In Jack of Shadows, immortality is once again a theme. The world has stopped spinning on its axis, leaving half in eternal sunlight and half in darkness. Science rules the day side, magic, the night side. Jack, a creature of the darkness, is one of those who, if he is killed, always makes his way back into the world. When his enemies slay him with the intention of insuring that he cannot return to life, he thwarts them and plans an intricate revenge. Revenge plots are difficult to carry, but this one works. A dark, but entertaining tale.
The King in Yellow and The Maker of Moons by Robert Chambers:
Robert Chambers was an enormously popular writer in his day (1865—1933). The King in Yellow was one of his early works—a book of fantasy short stories connected by the theme of a fictitious drama that drives anyone who reads it insane. Just when you think you have an idea of the type of stories in the volume, Chambers throws a curve. Fantasy, horror, romance—this is a truly unique book. The Maker of Moons, while not quite as original, continues the style of writing found in King. I understand that there is a third volume of tales which I haven’t read. Chambers might have made his mark as a master of fantasy fiction, but he began writing first romance, then historic novels, which apparently made him quite wealthy. But at least we have these two books.
I Sing the Body Electric by Ray Bradbury:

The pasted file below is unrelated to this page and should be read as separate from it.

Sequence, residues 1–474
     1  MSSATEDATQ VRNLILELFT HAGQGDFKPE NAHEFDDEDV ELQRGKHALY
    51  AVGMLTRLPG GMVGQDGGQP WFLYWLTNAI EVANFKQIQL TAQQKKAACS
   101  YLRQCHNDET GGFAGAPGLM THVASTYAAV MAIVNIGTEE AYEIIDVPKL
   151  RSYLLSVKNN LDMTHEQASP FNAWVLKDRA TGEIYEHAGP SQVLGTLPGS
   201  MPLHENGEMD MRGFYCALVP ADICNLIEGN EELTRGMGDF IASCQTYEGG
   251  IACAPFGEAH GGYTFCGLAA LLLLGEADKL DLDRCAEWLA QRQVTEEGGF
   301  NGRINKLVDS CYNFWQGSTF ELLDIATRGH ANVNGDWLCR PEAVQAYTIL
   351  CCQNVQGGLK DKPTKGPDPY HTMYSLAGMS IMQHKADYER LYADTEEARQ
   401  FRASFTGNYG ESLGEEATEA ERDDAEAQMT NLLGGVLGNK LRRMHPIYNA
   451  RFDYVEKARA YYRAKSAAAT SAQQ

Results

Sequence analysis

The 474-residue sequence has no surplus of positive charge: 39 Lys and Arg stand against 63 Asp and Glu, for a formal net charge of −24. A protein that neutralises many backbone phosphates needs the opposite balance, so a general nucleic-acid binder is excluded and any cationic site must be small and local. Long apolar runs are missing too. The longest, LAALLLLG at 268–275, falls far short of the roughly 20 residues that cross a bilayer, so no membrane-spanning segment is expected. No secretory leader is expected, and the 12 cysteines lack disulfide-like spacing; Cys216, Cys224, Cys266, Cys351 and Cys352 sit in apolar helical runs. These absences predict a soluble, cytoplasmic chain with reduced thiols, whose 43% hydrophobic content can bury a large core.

Many of you, having read Fahrenheit 451, may have dismissed Bradbury as nothing more than a writer you had to read in school. Or perhaps, like me, you were fascinated by his short stories in your teenage years, and have long-since relegated them to that time when every idea was new and fascinating. Bradbury was an early idol of mine, so much so that I was scarcely able to attempt short stories, lest they fall short of the Master. Still, I thought my days of reading him were over—his newer work generally doesn’t appeal to me. So when I listened to Body Electric on audio from the public library, I was truly amazed at his literary quality. Every good thing ever said about Ray Bradbury is true—he is a writer with a unique voice. Dandelion Wine, which I am not including here because it really isn’t a fantasy, should have won the Pulitzer prize. It probably wasn’t considered when it came out, because science fiction writers weren’t considered ‘real’ writers back in that day. Fortunately, the committee recently awarded Bradbury a long-deserved special Pulitzer. Though I list Body Electric, any of Bradbury’s early short stories are recommended.